Hermes • Elixir des Merveilles • Fragrances
|Would buy this product again.||65%|
Age: 25-29 Skin: Sensitive, Tan, Warm Hair: Black, Curly, Medium Eyes: Black
Elixir de Merveilles is truly a unique fragrance, and should be at least sniffed. I normally can't wear citrus in the least bit--it immediately turns to floor cleaner upon hitting my skin. Needless to say when my fave SA suggested I try this, I was leery.
My fears were for naught though, as the orange peel in EdM is less being hosed with orange juice but more taking a bite into a bittersweet chocolate-dipped orange confection. The orange is prominent and at first blast a little sweet, but it immediately scales back as the dark chocolate note melds with it. As the scent dries down the chocolate disappears and is replaced with salty caramel with a backdrop of bitter, dry woods. A dash of vanilla and tonka adds a hint of sweetness to what has become a nearly masculine fragrance. Intriguing.
All in all I find Elixir de Merveilles a bit mercurial, and borderline bipolar as it straddles the line between sweet-gourmand and austere-masculine. Being a stereotypical Gemini this is perfectly fine. I've received many compliments on EdM, and it will remain at the forefront of my scent rotation despite my heavy oriental leanings.
Age: 44-55 Skin: Normal, Fair-Medium, Warm Hair: Blond, Straight, Medium Eyes: Blue
I see Elixir des Merveilles as a logical gourmand extension of Eau des Merveilles: they are related as far as I’m concerned. Both fragrances could easily be unisex, and both depend strongly on wood accords. Elixir opens sweetly gourmand – with an orange-flavored vanilla and caramel notes – to my nose the caramel takes prominence, but the other elements are clearly identifiable and adequately represented. There is even a wood undertone to the opening accord, and the use of wood in this fragrance is reminiscent of the wood in Eau des M… but this wood does not provide such a unique and, possibly, exotic presentation… here we have a modest sandalwood / cedar with a sophisticated resinous background which retains some of the opening’s caramel gourmand character. It’s not an overly sweet fragrance and definitely not girly… and it’s a comfortable wear
Age: 56 & Over Skin: Dry, Fair-Medium Hair: Blond Eyes: Green
While this is fairly nice when first applied, dry-down is like a man's (cheap) aftershave. Too bad because the bottle is pretty. I'm sorry to have wasted $$$.
Age: 36-43 Skin: Normal, Fair-Medium, Neutral Hair: Brown, Wavy, Fine Eyes: Blue
LOVE this! It does citrusy orange completely rich and lush and decadent! There is so much going on initially that you are like WOW i have to take a shower but then it developes and it turns into exactly what you would expect a fragrance from Hermes to deliver. Others did a great job explaining the notes so I wont go into that, secondly I couldnt do as great a job as some have with that. i have this in the edp and i have 24f in epd. the am choice between the two will be hard:)
Age: 56 & Over Skin: Normal, Medium Hair: Brown, Wavy, Medium Eyes: Blue
I LOVE this fragrance so much !
Many people ask me : wht is your fragrance ? when I wear it .
It's increadible !!!
( sorry for my bad English! )
Age: 56 & Over Skin: Dry Hair: Blond Eyes: Blue
Smells exactly like Calvon Klein, Obsession. I don't detect any of the gourmand, chcolate notes of which other reviewers wrote. No Citrus orange, either. This was a gift from my stepmother-in-law. As I have a fairly full bottle of Obsession, the Hermes becomes redundant. Oh how I wish she had given me an Hermes scarf, instead...even a replica Hermes scarf would have been appreciated. BTW I ADORE Obsession.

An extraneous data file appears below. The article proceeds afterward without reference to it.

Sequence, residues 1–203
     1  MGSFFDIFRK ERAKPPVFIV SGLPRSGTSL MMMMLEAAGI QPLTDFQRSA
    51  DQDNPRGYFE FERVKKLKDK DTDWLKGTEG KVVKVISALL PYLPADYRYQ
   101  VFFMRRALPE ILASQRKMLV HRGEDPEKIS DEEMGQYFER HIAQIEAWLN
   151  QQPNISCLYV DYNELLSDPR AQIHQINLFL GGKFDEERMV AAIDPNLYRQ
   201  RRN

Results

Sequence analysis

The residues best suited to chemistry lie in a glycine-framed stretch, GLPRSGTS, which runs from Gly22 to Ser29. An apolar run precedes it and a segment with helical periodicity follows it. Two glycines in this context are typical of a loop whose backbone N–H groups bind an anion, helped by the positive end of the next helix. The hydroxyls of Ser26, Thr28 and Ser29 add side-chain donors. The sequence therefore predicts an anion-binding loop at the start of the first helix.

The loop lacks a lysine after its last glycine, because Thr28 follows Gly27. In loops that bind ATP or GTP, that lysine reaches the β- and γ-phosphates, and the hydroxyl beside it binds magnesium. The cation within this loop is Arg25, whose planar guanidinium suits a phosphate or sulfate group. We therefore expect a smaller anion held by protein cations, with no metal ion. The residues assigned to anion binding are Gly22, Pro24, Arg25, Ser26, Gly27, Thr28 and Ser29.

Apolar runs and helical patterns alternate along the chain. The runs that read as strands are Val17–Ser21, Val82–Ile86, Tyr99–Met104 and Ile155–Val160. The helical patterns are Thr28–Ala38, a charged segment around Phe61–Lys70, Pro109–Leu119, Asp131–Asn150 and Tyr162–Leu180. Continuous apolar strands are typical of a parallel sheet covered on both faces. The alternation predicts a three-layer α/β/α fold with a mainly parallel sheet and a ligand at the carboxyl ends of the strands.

Age: 44-55 Skin: Dry, Fair, Cool Hair: Red, Straight, Medium Eyes: Blue
My default setting is jeans T shirt and sneakers but my taste in perfume runs to elegant and mature. Frankly I don't want to smell like bubblegum or cotton candy (the latent wannabe Parisienne in me reels at such a thought) so I opt for Hermes. The initial waft can be a tad overwhelming but oh the drydown! This is "grown ups" perfume at it's best (well this and 24F). This makes me sit up straighter, talk more politely and feel beautiful and elegant what more could you want?
Age: 30-35 Skin: Combination, Fair, Neutral Hair: Blond, Straight, Medium Eyes: Blue
My husband took me in 2007, and we stopped at the Duty Free shop in our terminal at Charles de Gaulle airport while waiting for our flight home.
This perfume was his last-minute gift! He loved it. I don't think I would have chosen it myself. It was MUCH stronger than the typical light, fresh scents I gravitate to. For that reason, I haven't reached for it too often over the past couple years.
But recently. . . . I wanted to give it another go. If anything, because it reminds me of an amazing trip! I have found that if I spray it indirectly (mist and then walk-through techinque), it's not too overpowering. It's spicy, heady, with a touch of sweetness. Using it lightly keeps it mysterious and intriguing. I like misting it over my bed to give the sheets a touch as well.
Will use up my large (beautiful) bottle, but probably will not repurchase. It will take me forever to finish. And I'll probably keep the bottle as a keepsake from my trip!
Age: 25-29 Skin: Acne-prone, Fair, Cool Hair: Brown, Wavy, Medium Eyes: Brown
I bought this thinking I had found the Shangri La of perfumes, a warm, musky amber-ey mystery...I used up my generous decant from Norddstrom's before I could say boo.
I'm a little torn on this now that I actually own it. It's too heavy on me for daily use (I actually prefer crisp and fresh scents for the day).
The bottle is gorgeous though..
Age: 36-43 Skin: Combination, Fair-Medium Hair: Brunette Eyes: Brown
Oriental fougere that is just too complexly fussy on me. Strong, old fashioned powdery amber layered with a million other notes comes out smelling ostentatiously expensive and proud on me. There's a lovely but brief gourmand stage, then it gives way to the nasty amber. Don't get me wrong, some ambers I adore, but this ain't one of 'em.
Age: 19-24 Skin: Acne-prone, Fair Hair: Brunette Eyes: Brown